Please make a donation by clicking on the donate logo above and enter the amount and your credit or debit card information.
CovertAction Institute, Inc. (CAI) is a 501(c)(3) non-profit organization and your gift is tax-deductible for federal income purposes. CAI’s tax-exempt ID number is 87-2461683.
We sincerely thank you for your support.
Disclaimer: The contents of this article are the sole responsibility of the author(s). CovertAction Institute, Inc. (CAI), including its Board of Directors (BD), Editorial Board (EB), Advisory Board (AB), staff, volunteers and its projects (including CovertAction Magazine) are not responsible for any inaccurate or incorrect statement in this article. This article also does not necessarily represent the views the BD, the EB, the AB, staff, volunteers, or any members of its projects.
Differing viewpoints: CAM publishes articles with differing viewpoints in an effort to nurture vibrant debate and thoughtful critical analysis. Feel free to comment on the articles in the comment section and/or send your letters to the Editors, which we will publish in the Letters column.
Copyrighted Material: This web site may contain copyrighted material the use of which has not always been specifically authorized by the copyright owner. As a not-for-profit charitable organization incorporated in the State of New York, we are making such material available in an effort to advance the understanding of humanity’s problems and hopefully to help find solutions for those problems. We believe this constitutes a ‘fair use’ of any such copyrighted material as provided for in section 107 of the US Copyright Law. You can read more about ‘fair use’ and US Copyright Law at the Legal Information Institute of Cornell Law School.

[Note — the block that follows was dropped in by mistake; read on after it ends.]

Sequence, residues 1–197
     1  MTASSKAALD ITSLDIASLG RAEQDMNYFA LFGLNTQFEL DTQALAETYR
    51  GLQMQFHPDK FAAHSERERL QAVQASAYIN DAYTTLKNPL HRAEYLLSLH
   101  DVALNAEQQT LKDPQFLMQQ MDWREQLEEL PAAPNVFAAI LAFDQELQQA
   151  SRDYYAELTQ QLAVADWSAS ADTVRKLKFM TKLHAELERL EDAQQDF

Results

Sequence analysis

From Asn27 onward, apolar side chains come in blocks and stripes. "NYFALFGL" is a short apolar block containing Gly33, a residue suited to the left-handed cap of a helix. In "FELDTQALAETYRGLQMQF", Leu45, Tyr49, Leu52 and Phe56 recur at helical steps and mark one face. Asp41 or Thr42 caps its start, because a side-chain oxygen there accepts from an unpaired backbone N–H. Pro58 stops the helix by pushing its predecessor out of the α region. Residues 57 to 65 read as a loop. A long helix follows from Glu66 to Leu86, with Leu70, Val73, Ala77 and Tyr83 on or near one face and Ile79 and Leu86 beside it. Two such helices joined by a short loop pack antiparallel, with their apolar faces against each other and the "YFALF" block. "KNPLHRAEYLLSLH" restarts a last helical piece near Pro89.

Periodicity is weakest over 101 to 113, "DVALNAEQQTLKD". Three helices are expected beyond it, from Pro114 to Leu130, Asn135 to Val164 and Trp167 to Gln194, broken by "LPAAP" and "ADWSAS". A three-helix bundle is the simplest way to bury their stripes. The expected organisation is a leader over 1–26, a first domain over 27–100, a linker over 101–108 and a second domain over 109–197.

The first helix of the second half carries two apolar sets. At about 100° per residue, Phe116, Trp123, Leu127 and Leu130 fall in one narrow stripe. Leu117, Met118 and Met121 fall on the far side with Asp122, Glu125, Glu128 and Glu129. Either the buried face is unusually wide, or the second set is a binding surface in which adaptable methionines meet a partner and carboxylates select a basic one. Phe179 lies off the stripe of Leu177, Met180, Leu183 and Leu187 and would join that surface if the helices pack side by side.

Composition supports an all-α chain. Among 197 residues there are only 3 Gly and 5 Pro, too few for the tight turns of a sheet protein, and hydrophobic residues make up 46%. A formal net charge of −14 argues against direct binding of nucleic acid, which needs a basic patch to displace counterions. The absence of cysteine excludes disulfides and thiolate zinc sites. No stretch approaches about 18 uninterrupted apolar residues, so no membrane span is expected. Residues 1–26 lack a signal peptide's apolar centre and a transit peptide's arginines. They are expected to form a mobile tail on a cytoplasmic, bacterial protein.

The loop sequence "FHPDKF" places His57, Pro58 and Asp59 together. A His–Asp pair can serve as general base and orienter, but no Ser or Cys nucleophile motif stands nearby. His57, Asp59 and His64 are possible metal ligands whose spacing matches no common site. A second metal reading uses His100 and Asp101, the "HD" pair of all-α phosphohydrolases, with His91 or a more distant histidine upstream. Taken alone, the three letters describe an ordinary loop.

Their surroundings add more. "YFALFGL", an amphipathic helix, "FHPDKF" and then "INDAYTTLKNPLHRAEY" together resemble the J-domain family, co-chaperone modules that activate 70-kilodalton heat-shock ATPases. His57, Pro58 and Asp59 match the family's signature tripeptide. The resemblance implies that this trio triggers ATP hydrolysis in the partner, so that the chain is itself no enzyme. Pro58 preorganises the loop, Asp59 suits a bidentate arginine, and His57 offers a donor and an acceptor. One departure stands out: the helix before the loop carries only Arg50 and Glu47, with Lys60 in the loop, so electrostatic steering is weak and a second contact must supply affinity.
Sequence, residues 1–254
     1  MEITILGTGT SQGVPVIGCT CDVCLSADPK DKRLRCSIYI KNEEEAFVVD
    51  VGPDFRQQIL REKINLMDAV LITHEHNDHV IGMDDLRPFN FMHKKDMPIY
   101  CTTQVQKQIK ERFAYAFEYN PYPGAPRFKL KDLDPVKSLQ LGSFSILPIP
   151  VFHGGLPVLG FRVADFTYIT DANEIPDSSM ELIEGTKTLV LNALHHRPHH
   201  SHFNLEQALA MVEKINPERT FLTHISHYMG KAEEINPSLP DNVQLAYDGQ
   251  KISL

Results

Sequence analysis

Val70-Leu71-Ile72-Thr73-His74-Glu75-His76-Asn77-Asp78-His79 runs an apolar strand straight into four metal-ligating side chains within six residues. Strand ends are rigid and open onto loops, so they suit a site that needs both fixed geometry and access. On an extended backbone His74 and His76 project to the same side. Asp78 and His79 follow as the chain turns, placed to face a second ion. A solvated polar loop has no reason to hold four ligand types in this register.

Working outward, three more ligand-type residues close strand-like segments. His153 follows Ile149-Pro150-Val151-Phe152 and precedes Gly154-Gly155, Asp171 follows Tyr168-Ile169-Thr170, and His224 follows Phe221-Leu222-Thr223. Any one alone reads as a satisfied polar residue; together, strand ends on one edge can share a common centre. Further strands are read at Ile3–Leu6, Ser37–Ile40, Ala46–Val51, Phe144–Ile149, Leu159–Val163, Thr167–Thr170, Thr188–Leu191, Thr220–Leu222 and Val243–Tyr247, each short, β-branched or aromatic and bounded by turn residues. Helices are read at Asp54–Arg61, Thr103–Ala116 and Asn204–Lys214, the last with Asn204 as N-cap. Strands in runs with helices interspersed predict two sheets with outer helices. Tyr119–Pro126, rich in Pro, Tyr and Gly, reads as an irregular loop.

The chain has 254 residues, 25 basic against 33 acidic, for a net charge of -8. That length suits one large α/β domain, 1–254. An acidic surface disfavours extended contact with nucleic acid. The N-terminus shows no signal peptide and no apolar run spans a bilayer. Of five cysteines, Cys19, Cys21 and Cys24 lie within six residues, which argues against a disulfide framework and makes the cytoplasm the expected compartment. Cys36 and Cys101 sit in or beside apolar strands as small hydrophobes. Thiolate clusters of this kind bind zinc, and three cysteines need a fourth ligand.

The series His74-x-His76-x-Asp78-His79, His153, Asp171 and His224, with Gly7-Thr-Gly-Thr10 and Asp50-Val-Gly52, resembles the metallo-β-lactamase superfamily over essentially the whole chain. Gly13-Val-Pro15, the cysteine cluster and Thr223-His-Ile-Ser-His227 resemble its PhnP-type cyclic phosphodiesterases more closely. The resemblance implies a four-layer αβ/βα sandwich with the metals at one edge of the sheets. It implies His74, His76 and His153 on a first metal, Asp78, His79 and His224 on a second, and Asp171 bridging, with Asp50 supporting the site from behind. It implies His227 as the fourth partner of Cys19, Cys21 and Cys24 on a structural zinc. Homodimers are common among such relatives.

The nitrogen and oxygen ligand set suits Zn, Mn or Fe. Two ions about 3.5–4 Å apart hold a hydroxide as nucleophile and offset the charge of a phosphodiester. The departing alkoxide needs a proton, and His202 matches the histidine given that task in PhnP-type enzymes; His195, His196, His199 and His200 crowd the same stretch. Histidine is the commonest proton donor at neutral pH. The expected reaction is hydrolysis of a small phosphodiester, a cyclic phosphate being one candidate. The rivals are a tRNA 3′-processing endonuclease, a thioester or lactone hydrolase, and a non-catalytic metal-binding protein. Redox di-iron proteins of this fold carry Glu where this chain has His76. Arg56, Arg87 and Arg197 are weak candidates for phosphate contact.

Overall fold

Republishing: CovertAction Magazine (CAM) grants permission to cross-post CAM articles on not-for-profit community internet sites as long as the source is acknowledged together with a hyperlink to the original CovertAction Magazine article. Also, kindly let us know at info@CovertActionMagazine.com. For publication of CAM articles in print or other forms including commercial internet sites, contact: info@CovertActionMagazine.com.
By using this site, you agree to these terms above.
About the Author
John Kiriakou was a CIA analyst and case officer from 1990 to 2004.
In December 2007, John was the first U.S. government official to confirm that waterboarding was used to interrogate al-Qaeda prisoners, a practice he described as torture.
Kiriakou was a former senior investigator for the Senate Foreign Relations Committee and a former counter-terrorism consultant. While employed with the CIA, he was involved in critical counter-terrorism missions following the terrorist attacks of September 11, 2001, but refused to be trained in so-called “enhanced interrogation techniques,” nor did he ever authorize or engage in such crimes.
After leaving the CIA, Kiriakou appeared on ABC News in an interview with Brian Ross, during which he became the first former CIA officer to confirm the existence of the CIA’s torture program. Kiriakou’s interview revealed that this practice was not just the result of a few rogue agents, but was official U.S. policy approved at the highest levels of the government.
Kiriakou is the sole CIA agent to go to jail in connection with the U.S. torture program, despite the fact that he never tortured anyone. Rather, he blew the whistle on this horrific wrongdoing.